A £284 million boost for businesses trying to divert waste from landfill sites has been welcomed although firms have insisted the fund must be strictly managed.
Environment Secretary Margaret Beckett announced the Business Resource Efficiency and Waste programme on Monday.
The fund will hand out the money made by the Government as Landfill Tax increases, with £43m available in 2005/6, £95m in 2006/7 and £146m in 2007/8.
To encourage waste minimisation, Landfill Tax will rise from £15 to £18 per tonne for 2005/6, and by at least £3 per tonne every year until it reaches £35.
CBI director of business environment Michael Roberts said: "Given that this revenue is coming from business, it is absolutely right that it is being spent to help business save money by cutting its production of waste and being more energy efficient.
"A number of the schemes that will benefit from the funding are already used by companies, but they expect the money to be spent as efficiently as possible.
"It is important that the Department for Environment, Food and Rural Affairs (DEFRA) puts in place robust systems to make sure that as much as possible of the money taken from companies in tax is used to directly benefit them."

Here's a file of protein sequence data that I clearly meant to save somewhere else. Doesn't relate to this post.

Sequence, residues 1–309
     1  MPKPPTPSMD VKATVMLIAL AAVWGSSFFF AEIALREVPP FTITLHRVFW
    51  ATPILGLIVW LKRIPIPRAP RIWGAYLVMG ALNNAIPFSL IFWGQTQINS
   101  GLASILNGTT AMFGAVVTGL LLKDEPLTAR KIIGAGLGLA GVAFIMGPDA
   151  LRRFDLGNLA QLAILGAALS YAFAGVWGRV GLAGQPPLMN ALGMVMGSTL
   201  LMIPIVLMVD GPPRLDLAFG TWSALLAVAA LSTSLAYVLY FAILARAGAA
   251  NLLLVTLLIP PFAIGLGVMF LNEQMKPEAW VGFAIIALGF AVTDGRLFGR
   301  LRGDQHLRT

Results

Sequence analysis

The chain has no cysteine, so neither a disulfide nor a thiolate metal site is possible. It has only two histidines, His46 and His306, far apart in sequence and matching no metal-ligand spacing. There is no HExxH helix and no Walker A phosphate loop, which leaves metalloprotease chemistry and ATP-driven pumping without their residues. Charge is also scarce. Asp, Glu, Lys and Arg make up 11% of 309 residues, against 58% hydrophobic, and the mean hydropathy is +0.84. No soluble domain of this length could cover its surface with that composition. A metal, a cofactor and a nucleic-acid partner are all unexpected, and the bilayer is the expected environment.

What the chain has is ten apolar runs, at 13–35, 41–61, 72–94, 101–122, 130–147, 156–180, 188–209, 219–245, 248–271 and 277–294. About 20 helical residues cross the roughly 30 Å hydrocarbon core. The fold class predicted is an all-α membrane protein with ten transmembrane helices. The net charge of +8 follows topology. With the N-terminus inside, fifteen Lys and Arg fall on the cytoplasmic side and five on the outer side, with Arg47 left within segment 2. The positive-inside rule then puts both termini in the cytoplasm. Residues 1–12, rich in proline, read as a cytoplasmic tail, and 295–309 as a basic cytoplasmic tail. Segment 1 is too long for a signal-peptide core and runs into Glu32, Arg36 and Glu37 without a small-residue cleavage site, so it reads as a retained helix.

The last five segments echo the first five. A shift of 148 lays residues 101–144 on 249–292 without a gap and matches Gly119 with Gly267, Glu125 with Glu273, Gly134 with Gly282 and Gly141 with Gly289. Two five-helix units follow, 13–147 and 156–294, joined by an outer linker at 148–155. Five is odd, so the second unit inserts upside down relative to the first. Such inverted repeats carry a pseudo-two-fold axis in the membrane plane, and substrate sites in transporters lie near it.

Envirowise will be the key beneficiary in April, receiving £12m towards its consultancy service and waste minimisation clubs.
The Department of Trade and Industry also received £10m to support research and development through its Technology Fund.
The Waste and Resources Action Programme received £4m, and the remaining £17m was shared by local and smaller initiatives.
Beckett said: "Every business, big and small, can benefit from this package of initiatives which has been designed to move towards more sustainable production practices.
"If businesses use these services they should be able to recoup the increasing costs of landfill by reducing the amount of waste they send to landfill as well as driving down energy use all of which should help them become more competitive through cash savings and increasing resource efficiency."
DEFRA made the funding decisions in conjunction with business representatives and said the performance of each scheme would affect its future funding.